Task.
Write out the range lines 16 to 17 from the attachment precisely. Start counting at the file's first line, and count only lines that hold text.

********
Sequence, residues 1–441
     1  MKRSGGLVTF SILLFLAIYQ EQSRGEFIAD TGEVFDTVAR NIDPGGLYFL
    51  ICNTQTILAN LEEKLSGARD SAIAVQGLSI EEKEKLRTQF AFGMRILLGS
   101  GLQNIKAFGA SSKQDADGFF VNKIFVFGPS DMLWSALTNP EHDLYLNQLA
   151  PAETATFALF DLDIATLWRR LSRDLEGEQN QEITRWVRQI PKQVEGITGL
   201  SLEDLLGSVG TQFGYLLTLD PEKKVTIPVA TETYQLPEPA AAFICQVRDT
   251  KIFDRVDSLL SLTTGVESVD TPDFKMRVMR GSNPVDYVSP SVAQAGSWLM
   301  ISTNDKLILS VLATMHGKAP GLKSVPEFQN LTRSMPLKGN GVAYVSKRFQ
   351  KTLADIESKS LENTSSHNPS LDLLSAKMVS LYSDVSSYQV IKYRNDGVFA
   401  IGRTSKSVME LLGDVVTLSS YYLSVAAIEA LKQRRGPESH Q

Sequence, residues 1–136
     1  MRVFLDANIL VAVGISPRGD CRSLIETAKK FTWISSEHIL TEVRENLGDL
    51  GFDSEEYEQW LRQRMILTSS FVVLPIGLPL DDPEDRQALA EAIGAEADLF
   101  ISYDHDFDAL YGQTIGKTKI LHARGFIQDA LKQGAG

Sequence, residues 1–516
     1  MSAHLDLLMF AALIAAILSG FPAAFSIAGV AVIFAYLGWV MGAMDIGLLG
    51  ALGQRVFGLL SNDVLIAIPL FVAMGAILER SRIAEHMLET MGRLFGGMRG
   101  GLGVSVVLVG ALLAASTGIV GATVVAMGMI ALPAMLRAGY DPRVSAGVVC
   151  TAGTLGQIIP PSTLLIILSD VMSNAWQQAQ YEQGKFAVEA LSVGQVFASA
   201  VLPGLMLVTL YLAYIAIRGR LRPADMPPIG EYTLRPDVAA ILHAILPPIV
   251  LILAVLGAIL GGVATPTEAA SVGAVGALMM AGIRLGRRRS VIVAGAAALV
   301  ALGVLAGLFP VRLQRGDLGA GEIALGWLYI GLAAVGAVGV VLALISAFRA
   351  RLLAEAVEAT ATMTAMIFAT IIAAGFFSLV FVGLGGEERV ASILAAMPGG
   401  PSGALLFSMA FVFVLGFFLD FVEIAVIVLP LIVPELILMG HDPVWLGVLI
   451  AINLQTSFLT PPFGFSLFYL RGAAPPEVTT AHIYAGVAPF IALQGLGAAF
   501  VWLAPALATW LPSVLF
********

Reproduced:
     1  MSAHLDLLMF AALIAAILSG FPAAFSIAGV AVIFAYLGWV MGAMDIGLLG
    51  ALGQRVFGLL SNDVLIAIPL FVAMGAILER SRIAEHMLET MGRLFGGMRG